Remains of Wallingford's oldest inhabitants to be reburied

Remains of Wallingford's oldest inhabitants to be reburied

Some of the skeletons discovered during the dig

Museum curator Judy Dewey watches as the new graves are dug

First published in News

THEIR remains have been undisturbed for hundreds of years. But today the skeletons of what are thought to have been Wallingford’s earliest residents will be reburied.

The remains of more than 500 people dating back to the 900s were discovered next to St Martin’s Street – the Waitrose site – during an archaeological dig 10 years ago.

The bones were excavated when the old 1960s shops were being demolished to make way for the new Waitrose in 2003.

Today the full set of 211 skeletal remains, and bones from the partial remains of about 300 other people, will be reburied in Wallingford Cemetery in Castle Street. Archaeologist Iain Soden, who oversaw the excavation, said: “People talk about closure and today is a very personal sort of closure. They were real people and it is very important they end up somewhere they would want to be.”

The remains – which date from soon after King Alfred founded Wallingford in about 980 to 1412 – were found in what was the churchyard of St Martin’s Church.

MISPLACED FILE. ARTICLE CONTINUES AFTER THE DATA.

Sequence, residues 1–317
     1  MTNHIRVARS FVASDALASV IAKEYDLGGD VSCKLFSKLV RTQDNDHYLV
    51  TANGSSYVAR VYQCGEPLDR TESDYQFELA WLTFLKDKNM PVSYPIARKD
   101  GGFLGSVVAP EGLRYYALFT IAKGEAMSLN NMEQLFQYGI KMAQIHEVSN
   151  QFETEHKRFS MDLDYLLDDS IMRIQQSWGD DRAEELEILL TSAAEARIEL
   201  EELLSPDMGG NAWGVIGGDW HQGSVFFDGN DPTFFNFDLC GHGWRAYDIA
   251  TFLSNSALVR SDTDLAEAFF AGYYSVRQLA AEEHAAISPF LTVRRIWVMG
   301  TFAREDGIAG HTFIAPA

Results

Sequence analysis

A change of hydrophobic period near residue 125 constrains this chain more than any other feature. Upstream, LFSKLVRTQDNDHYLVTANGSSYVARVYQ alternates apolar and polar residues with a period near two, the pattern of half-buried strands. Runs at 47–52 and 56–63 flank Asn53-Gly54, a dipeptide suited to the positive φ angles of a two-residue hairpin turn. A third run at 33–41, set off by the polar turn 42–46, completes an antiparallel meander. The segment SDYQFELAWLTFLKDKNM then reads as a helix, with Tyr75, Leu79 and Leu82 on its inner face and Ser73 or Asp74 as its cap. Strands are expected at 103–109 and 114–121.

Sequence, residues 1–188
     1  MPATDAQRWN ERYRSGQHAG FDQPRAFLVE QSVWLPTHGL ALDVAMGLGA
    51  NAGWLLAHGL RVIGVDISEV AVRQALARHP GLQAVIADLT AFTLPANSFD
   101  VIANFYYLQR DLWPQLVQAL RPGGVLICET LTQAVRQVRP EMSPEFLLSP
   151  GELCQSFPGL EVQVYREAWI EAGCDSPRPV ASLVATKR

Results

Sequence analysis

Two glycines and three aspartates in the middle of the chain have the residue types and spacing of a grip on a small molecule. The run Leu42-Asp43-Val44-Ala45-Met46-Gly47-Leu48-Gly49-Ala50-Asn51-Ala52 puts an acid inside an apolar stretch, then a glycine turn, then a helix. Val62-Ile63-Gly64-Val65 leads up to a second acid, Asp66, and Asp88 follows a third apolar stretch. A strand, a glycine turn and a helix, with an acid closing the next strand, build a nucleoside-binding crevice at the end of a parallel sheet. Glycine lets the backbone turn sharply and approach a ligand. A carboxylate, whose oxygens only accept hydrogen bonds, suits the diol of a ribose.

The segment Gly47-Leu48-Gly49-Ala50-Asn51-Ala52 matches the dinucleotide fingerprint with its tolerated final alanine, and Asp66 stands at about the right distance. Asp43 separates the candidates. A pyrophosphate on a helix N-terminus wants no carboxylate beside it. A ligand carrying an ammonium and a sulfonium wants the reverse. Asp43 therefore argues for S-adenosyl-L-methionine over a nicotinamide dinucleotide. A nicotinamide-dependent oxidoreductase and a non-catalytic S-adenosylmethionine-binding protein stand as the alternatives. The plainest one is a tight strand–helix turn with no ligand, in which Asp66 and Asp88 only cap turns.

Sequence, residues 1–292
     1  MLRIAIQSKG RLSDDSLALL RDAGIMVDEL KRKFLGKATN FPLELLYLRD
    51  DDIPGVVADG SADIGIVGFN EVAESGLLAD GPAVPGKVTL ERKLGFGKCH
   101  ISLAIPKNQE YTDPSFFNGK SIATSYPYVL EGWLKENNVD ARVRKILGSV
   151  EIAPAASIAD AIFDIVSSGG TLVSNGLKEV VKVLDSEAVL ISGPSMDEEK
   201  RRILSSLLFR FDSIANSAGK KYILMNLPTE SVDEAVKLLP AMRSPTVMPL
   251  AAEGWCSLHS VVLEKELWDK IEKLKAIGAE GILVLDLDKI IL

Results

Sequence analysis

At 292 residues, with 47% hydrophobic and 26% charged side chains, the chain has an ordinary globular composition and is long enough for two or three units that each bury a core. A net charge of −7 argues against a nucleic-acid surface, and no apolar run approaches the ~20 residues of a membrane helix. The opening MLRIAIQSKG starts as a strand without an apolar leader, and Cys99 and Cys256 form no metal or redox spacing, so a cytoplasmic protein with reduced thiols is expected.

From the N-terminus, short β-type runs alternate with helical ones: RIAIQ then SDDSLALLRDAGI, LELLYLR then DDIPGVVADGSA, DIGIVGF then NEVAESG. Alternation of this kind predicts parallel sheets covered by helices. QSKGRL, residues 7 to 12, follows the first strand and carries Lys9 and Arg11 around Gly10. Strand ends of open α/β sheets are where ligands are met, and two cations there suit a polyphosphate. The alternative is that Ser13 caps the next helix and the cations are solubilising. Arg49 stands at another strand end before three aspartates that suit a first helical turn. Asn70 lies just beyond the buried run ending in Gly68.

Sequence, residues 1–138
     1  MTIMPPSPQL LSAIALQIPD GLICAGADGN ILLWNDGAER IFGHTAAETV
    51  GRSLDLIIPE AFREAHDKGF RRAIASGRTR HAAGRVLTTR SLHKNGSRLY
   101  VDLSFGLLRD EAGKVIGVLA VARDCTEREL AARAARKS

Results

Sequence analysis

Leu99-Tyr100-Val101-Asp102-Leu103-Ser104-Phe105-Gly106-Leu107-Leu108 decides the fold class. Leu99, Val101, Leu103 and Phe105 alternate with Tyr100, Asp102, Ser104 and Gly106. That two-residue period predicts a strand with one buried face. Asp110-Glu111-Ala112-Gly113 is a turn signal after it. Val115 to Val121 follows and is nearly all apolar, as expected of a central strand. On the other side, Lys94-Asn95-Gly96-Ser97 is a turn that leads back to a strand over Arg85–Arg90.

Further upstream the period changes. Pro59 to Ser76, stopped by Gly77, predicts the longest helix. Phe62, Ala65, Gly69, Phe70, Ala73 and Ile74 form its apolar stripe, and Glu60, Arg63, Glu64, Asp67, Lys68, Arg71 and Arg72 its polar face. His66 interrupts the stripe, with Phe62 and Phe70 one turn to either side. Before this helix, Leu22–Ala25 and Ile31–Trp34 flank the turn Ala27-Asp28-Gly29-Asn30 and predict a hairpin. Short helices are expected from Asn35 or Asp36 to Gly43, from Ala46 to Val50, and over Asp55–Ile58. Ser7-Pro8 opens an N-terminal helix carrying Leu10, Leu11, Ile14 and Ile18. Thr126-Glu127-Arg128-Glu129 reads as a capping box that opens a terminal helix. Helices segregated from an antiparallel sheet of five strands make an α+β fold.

The church no longer exists but its foundations are thought lie towards or under Market Place. The bones will be laid to rest in the old part of the cemetery.

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Father David O’Sullivan of Wallingford’s St John the Evangelist Roman Catholic Church will lead the service, which is due to start at 2pm.

Curator of Wallingford Museum Judy Dewey said: “These are the oldest inhabitants of Wallingford as a town.

“They have been very important in telling us about this Saxon and Medieval town and the people who lived in it.”

A book about what experts have been able to learn from the skeletons has been put together, and the results of the excavation are to go on show in a new exhibition at Wallingford Museum in March.


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